SAN NARCISO, Calif. (Bennington Vale Evening Transcript) -- Early Monday morning, a video emerged showing a passenger being violently ejected from a United Airlines flight headed for Louisville from Chicago. The 69-year-old doctor was forcibly dragged from the overbooked plane when he refused to “voluntarily” give up his seat to accommodate United employees who had arrived late. The extremity of the incident, captured in graphic images, has sparked a Congressional investigation into the air carrier’s compliance with oversales rules. To make matters worse, United’s PR department and CEO released vague and baffling explanations of the passenger’s bloody expulsion, defending the police and ground crew for their hyperbolic handling of the situation. Late Monday evening, facing criticism for its tone-deaf messaging, United provided another clarification, stating that the passenger could have diffused the fraught standoff by offering authorities a Pepsi.
Involuntary Voluntary EjectionAs the Los Angeles Times reported, no passengers aboard flight 3411 accepted the airline’s offer to voluntarily vacate their seats in exchange for compensation of $800 plus overnight accommodations and an alternative flight the next day. When the deal was refused, the staff picked random passengers.
“One couple went quietly, but another passenger objected,” LA Times wrote. “Before being dragged off the plane, he reportedly identified himself as a doctor with patients to see Monday. When he refused to go, the ground staff summoned police, who physically manhandled him out of his seat and dragged him, bloodied, down the aisle as several other passengers documented the event on their smartphones.”
United’s initial response to the incident generated more shame and public outrage than understanding.
After our team looked for volunteers, one customer refused to leave the aircraft voluntarily and law enforcement was asked to come to the gate. We apologize for the overbook situation. Further details on the removed customer should be directed to authorities.
CEO Oscar Munoz further exacerbated the botched PR campaign when he provided his own odd, ambiguous and self-serving statement: “This is an upsetting event to all of us here at United. I apologize for having to re-accommodate these customers.”
Pepsi and United UniteCandace Fluglieber, a senior public relations specialist with the United Airlines corporate office in San Narciso County, spoke to the Evening Transcript late Monday evening to clear up the confusion.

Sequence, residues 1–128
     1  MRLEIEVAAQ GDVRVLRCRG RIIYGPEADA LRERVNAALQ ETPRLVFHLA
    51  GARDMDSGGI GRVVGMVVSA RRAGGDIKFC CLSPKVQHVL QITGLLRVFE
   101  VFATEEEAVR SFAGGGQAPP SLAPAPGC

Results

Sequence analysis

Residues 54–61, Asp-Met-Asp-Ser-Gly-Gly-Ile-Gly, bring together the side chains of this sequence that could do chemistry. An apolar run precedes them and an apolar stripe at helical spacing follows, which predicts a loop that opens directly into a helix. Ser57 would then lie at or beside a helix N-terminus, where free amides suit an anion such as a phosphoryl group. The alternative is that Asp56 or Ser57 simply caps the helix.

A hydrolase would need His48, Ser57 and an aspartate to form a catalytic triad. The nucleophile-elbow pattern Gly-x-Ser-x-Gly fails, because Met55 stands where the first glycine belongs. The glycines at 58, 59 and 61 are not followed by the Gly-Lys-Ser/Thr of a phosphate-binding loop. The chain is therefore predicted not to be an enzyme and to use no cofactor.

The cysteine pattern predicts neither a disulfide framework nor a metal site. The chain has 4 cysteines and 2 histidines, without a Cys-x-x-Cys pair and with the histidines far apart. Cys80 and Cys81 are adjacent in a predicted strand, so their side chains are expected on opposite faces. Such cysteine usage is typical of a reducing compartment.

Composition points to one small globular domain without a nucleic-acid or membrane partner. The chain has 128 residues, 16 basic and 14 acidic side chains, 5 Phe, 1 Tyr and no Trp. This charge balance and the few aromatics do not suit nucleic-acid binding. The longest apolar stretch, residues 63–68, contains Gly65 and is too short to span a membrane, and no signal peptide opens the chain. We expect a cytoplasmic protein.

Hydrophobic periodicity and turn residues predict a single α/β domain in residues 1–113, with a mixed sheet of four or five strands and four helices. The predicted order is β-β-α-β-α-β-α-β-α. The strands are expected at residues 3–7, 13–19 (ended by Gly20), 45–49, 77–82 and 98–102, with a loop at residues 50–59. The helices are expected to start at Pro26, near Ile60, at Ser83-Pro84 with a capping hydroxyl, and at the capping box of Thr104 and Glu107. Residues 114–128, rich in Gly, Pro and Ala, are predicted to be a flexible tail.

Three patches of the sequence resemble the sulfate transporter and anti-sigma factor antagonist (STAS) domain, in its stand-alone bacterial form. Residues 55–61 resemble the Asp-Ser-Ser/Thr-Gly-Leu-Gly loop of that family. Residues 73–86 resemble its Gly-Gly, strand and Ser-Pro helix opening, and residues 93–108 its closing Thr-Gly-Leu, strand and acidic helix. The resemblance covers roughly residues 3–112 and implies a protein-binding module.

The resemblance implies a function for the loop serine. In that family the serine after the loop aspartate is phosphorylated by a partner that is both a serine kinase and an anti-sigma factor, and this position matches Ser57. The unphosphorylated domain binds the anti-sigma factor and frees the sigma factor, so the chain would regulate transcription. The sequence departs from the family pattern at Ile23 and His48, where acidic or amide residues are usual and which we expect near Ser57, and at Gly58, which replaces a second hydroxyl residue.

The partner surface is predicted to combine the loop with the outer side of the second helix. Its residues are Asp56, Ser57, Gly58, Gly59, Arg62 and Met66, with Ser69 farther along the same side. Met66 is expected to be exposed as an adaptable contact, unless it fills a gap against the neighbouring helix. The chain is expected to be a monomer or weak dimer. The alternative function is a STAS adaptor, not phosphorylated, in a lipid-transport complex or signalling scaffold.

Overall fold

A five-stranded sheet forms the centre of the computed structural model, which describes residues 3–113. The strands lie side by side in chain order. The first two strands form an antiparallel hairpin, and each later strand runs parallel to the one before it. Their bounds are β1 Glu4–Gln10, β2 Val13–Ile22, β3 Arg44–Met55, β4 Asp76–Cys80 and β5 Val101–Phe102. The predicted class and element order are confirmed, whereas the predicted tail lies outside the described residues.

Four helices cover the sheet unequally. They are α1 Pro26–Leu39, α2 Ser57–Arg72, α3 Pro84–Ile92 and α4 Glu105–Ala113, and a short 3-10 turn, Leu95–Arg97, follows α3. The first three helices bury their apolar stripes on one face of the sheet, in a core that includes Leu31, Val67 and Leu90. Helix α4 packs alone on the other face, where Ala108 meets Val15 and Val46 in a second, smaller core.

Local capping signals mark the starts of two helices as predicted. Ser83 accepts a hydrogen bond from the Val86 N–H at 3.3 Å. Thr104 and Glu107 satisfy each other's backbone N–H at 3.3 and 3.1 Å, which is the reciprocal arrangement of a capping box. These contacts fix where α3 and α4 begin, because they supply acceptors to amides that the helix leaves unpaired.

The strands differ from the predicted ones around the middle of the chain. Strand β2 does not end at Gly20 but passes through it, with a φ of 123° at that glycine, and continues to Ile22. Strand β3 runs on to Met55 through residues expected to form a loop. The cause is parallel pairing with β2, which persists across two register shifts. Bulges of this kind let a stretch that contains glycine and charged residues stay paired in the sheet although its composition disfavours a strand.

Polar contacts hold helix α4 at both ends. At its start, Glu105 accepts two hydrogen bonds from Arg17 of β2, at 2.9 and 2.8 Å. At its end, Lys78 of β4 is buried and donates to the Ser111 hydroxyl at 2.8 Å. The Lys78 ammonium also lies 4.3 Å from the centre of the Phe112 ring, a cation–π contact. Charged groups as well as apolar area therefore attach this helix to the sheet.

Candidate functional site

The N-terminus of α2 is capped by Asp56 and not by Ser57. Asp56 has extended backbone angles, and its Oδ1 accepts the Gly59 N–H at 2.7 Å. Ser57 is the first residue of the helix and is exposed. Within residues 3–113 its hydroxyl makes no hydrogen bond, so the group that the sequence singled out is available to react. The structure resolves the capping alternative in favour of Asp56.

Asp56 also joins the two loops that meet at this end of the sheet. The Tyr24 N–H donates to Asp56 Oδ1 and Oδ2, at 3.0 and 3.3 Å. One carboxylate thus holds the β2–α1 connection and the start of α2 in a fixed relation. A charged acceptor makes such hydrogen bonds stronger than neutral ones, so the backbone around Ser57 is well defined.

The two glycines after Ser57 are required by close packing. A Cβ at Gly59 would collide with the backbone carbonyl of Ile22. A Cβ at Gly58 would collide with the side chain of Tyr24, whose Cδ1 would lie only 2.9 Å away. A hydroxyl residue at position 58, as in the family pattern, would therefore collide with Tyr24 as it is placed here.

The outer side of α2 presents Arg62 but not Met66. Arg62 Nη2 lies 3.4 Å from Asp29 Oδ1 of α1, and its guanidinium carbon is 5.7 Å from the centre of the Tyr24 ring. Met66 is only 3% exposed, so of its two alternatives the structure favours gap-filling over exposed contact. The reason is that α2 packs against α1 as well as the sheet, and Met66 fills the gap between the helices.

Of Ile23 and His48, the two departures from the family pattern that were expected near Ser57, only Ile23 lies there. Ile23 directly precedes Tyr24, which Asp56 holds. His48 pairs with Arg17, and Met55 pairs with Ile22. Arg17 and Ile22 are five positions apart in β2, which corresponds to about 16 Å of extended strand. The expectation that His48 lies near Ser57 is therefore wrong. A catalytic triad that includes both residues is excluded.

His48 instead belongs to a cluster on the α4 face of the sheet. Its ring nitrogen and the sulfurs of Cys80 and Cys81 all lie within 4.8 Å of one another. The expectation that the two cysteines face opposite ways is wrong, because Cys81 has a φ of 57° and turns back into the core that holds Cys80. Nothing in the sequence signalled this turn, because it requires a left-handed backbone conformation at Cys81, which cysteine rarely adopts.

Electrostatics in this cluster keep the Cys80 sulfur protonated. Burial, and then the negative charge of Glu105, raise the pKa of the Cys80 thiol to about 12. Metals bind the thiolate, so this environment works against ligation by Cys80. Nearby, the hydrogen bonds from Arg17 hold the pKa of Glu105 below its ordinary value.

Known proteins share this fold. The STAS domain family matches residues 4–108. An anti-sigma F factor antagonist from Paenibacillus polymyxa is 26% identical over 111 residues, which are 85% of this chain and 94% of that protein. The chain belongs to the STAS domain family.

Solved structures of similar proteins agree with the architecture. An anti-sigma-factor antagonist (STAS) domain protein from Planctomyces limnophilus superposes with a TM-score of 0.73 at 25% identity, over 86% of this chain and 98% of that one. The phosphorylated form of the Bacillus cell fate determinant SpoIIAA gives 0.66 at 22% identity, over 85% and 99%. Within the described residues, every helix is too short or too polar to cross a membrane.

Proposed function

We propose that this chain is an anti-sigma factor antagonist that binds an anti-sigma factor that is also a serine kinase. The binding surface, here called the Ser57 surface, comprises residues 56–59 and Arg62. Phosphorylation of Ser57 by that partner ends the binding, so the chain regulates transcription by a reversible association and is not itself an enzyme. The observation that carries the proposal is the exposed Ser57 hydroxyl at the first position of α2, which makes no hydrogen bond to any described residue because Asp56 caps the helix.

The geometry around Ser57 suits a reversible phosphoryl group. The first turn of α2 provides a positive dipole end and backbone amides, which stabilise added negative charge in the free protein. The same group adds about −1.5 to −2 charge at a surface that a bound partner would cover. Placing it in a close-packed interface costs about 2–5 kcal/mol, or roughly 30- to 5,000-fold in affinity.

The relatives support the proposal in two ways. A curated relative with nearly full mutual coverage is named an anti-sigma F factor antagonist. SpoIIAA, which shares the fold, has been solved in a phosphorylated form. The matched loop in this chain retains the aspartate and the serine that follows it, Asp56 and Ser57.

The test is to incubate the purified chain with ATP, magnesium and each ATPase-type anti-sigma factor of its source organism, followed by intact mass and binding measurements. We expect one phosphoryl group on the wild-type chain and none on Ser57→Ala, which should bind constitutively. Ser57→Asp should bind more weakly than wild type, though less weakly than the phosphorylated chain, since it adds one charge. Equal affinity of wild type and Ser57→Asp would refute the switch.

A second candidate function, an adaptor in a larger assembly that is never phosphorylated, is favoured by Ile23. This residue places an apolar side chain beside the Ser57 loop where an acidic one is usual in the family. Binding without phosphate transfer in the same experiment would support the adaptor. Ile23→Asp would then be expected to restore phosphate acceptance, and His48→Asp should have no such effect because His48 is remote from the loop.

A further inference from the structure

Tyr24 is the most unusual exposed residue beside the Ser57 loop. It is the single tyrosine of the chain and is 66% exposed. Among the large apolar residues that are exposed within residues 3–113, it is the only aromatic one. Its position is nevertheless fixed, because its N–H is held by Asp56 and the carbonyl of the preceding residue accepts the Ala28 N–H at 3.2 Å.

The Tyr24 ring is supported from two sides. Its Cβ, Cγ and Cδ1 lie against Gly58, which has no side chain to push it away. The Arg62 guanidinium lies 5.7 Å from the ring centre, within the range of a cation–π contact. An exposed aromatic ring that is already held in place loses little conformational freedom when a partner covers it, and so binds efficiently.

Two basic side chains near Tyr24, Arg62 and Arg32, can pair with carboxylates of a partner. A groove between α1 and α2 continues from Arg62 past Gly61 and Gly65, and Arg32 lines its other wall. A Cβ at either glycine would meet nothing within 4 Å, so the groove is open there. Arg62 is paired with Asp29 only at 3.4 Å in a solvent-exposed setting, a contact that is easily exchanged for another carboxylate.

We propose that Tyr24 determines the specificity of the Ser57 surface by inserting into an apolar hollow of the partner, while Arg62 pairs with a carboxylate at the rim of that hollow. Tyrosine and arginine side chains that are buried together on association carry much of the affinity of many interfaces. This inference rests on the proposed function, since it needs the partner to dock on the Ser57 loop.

BVET: Thank you for taking the time to speak with us. We’ve heard a lot of conflicting testimony about the cause of the hostilities. What was the catalyst, or primary problem, according to United?
FLUGLIEBER: In my opinion, the main problem involved a failure to follow instructions. Air carriers are heavily regulated, and passengers remain subject to many rules. Like turning off cell phones with cameras. That could be the most severe violation here -- that so many other customers were recording and broadcasting video of the conflict. This is exactly why we order people to turn off their electronic devices when they board. If they had acted in accordance with the policy, I doubt this story would have made the news.
BVET: Social media users attacked your CEO this afternoon and accused him issuing a tone-deaf response that fell short of an actual apology. Can you elaborate on what Mr. Munoz was attempting to say?
FLUGLIEBER: First, there was nothing tone-deaf about our messaging. That would be like saying Pepsi’s powerful commercial about those WhateverLivesMatter demonstrations was tone-deaf. Oscar Munoz said precisely what needed to be said. Yes, the incident upset everyone at United. It was upsetting that the passenger refused to leave voluntarily. It was upsetting to waste police resources on this. Those cops had to beat up this rude guy, pry him from his seat and throw his broken body off our flight. It’s Chicago, those officers should have been shooting unarmed black thugs. It’s upsetting that this doctor’s obstinance led to a two-hour delay in the flight. That’s overtime United has to pay its employees. We also had to pay $800 plus hotel fees for the “volunteers” who were forcibly ejected without police violence. Those costs add up fast, and we have to pass them on to our customers. All because this a**hole believed his job was more important than everybody else’s.
BVET: You mentioned the Pepsi ad, which also came under fire for being tone-deaf.
FLUGLIEBER: That’s insane. I watched the commercial several times. It was inspirational. I mean, if all those protesters at Kent State in 1970 had offered the National Guardsmen soda instead of flowers, they may be alive today. If Trayvon Martin had been carrying Pepsi instead of iced tea, George Zimmerman may never have pulled the trigger. Pepsi has the power to end racism, discrimination, violence and to diffuse tense standoffs.
BVET: By that logic, Pepsi could have helped your passenger?
FLUGLIEBER: Of course. If he had purchased a $15 mini can of Pepsi and handed it to the police, I’m certain the officers would have stopped bludgeoning him, laughed off the confrontation and left the plane to the cheers of every passenger in the cabin.
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